The spring climbing season in the Himalaya is about to get a whole lot more interesting. As expected, teams began arriving in Everest Base Camp over the weekend, and while they’ll take a day or two to get settled, it won’t be long before they start heading up the mountain itself, or visiting nearby peaks to launch acclimatization and training rotations on other mountains. For some, the skills training has already begun, with a number of units entering the Khumbu Icefall to work on their rope skills. Others are just now arriving, but will begin the real work soon.
Amongst those expected to arrive in EBC today are Alan Arnette. He checked in from Gorak Shep – the last stop before reaching the mountain – yesterday, and shared plenty of interesting news from the Khumbu. For instance, Alan has learned that there are roughly 319 individual climbers who have received permits to climb Everest this year. With a few more teams yet to check in, that puts the numbers on par with last year. That means that the tragedy from last season, and the ensuing shutdown of climbing operations, hasn’t dissuaded anyone from coming to the mountain. Of those, 109 have returned from last year, with the Nepali government honoring their permits from 2014. Also, Alan says that there are an additional 96 climbers on Lhotse as well.
Perhaps more of interest is the changing dynamic of the teams on the mountain. Traditionally, squads led by western guide services bring about 8-12 clients to Everest, but there are now Nepali owned companies who have as many as 60 people in their groups. This is, of course, an economics of scale move, allowing them to bring the price of the climb down through larger numbers. One has to wonder however if they are sacrificing safety in the process.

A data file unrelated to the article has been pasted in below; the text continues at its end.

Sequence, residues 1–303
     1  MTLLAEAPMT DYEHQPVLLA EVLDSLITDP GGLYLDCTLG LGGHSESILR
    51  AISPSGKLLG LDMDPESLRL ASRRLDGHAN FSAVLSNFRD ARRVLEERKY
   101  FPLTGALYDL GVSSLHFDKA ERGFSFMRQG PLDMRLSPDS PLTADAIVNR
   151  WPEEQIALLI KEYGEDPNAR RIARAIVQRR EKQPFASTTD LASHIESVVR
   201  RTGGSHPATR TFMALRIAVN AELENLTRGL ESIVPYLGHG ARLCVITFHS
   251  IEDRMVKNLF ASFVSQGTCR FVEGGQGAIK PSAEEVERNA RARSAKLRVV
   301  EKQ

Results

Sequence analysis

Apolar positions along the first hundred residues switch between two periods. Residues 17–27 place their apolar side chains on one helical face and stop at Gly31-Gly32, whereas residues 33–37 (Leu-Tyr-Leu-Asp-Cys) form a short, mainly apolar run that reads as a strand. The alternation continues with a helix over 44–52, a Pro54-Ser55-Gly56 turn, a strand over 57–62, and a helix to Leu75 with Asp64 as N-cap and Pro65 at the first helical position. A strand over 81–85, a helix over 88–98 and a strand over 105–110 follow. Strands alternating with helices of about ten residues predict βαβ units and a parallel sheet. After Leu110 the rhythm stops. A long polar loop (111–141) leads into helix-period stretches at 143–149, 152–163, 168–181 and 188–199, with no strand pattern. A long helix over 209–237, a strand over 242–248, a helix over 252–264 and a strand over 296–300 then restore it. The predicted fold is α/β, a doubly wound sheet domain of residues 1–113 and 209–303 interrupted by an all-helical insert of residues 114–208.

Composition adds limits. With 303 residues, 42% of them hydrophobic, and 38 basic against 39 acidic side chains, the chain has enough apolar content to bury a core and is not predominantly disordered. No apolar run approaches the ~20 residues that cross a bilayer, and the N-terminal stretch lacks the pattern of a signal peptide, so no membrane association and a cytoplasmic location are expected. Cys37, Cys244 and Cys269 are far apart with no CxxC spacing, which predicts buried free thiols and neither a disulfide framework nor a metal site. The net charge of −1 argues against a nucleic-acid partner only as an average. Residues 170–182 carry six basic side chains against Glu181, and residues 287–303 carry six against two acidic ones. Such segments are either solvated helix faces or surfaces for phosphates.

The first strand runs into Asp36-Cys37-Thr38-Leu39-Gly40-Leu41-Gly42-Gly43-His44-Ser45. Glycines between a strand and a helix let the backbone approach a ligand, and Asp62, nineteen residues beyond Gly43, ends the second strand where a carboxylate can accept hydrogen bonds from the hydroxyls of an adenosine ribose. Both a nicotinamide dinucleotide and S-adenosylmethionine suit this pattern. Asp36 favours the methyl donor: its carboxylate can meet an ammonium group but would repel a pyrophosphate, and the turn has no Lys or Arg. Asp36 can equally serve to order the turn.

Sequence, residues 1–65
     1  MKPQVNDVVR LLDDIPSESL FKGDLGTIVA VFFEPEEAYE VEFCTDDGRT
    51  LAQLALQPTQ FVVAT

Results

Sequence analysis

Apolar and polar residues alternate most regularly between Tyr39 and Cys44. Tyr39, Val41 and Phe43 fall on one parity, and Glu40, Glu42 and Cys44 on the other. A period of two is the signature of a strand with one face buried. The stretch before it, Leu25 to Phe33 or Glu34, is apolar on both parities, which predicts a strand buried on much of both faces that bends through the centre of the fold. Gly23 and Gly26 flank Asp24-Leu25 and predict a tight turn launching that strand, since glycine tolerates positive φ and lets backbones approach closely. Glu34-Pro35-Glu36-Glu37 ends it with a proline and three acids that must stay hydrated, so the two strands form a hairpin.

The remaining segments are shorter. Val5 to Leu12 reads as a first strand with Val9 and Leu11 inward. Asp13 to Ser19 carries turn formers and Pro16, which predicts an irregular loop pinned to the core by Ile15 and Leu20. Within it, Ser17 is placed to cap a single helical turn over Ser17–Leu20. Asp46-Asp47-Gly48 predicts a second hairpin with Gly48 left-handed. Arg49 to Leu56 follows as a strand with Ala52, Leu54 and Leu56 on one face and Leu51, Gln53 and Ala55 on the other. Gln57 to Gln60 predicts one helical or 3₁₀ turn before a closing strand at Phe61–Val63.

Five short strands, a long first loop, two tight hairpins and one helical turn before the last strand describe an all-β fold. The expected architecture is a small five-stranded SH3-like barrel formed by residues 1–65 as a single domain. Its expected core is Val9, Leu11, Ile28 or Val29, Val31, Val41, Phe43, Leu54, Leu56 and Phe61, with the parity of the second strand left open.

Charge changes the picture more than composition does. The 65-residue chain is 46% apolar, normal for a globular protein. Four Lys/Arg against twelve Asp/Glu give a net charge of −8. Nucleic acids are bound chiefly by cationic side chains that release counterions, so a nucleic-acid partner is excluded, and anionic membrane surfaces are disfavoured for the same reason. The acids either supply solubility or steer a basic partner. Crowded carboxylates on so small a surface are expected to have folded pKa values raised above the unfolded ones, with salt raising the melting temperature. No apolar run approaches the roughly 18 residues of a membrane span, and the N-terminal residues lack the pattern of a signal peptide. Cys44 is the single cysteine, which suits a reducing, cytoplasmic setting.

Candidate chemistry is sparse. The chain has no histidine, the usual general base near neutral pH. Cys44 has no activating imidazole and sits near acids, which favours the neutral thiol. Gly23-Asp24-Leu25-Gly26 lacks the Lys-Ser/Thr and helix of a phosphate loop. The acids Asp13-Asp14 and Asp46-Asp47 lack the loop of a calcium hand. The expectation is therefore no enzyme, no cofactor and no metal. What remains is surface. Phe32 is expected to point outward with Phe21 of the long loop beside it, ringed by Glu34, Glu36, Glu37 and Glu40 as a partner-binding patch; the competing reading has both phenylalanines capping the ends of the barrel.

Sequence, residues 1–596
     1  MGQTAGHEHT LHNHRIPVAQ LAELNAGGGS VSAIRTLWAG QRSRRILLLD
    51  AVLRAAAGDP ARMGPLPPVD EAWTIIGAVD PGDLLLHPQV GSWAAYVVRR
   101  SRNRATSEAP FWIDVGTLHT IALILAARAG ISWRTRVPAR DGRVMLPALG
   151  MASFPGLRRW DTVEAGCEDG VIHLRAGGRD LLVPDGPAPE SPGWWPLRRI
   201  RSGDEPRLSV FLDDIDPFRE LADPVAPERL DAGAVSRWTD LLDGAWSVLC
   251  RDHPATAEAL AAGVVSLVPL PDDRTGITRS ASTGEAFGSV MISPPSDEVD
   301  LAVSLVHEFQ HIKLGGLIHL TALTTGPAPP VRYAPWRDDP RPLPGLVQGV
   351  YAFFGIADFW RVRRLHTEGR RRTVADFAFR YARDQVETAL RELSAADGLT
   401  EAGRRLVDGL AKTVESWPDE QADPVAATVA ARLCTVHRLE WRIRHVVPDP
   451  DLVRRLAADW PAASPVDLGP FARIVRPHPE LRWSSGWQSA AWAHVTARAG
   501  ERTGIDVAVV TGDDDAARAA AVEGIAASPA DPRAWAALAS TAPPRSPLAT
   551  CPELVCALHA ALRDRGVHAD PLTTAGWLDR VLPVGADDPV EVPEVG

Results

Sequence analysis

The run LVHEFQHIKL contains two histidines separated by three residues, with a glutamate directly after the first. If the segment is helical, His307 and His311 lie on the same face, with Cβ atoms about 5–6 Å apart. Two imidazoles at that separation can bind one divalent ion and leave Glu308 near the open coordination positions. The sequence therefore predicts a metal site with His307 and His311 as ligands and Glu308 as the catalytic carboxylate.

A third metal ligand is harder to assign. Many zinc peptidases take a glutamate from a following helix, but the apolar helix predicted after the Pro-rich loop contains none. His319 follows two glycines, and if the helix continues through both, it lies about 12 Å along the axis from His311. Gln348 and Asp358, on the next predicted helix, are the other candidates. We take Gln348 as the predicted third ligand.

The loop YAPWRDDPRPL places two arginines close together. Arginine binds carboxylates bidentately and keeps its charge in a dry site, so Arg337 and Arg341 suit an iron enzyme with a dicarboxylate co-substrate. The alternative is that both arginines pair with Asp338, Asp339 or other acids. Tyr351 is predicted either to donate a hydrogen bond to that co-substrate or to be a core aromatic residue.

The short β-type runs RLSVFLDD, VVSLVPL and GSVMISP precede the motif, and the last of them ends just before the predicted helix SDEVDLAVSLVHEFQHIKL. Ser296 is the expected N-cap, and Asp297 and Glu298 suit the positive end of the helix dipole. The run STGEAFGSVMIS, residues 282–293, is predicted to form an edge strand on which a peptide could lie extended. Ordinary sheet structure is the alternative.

Even more dismaying is that Alan reports that he has yet to see any evidence of the changes that the Nepali government promised in the wake of the two disasters last year – the avalanche on Everest that claimed the lives of 16 porters, and the massive blizzard that killed 45+ trekkers last fall. After those two incidences the government promised better weather forecasting, improved communications, GPS tracking systems, and an increased presence of medical and liaison offers with the teams. In Alan’s own words, these improvements have yet to materialize, making me wonder if they are just more empty promises meant to assuage the fears of potential visitors and the media that covers these events.
Alan also reports that the Khumbu Valley seems to be changing as well. He says that the staff in the teahouses don’t seem as cordial as they have been in the past, and prices for food, drinks, and lodging have gone up significantly. He also says that the teahouses are more full than ever, making the common rooms far busier and more noisy in the past. That’s good for business in the region of course, but it also is changing the experience of trekking to EBC too.
All of that said, once the climbing teams reach Base Camp, they’ll start to focus more on the business of climbing. Soon, these reports will turn more towards status updates as they work their way up the mountain, focus on getting acclimatized, and eventually launch summit bids. That is still several weeks off however, and for now it’s all about getting settled into what will be their home for the next month or so.
Meanwhile, over on Annapurna, the summit bids that were expected to begin over the weekend have been cancelled. On Friday, the weather forecasts looked very promising for the days ahead, but that changed dramatically over the weekend. Now, large storms are moving into the area, and are expected to bring as much as 5 feet (1.5 meters) of snow along with them. That will prevent anyone from going anywhere near the top, and could increase the danger of avalanches in the days ahead. So, for now, Carlos Soria, Chris Jensen Burke, and others sit in BC and wait for that ever elusive opportunity to go up.
That is all for today. I’ll report more as the news warrants it. For now, most of the teams are still getting settled in Everest Base Camp, but expect the first forays through the Icefall – along the new route new less – to begin in just a few days time. Things will start to get much busier now, and the real climbing is about to begin.
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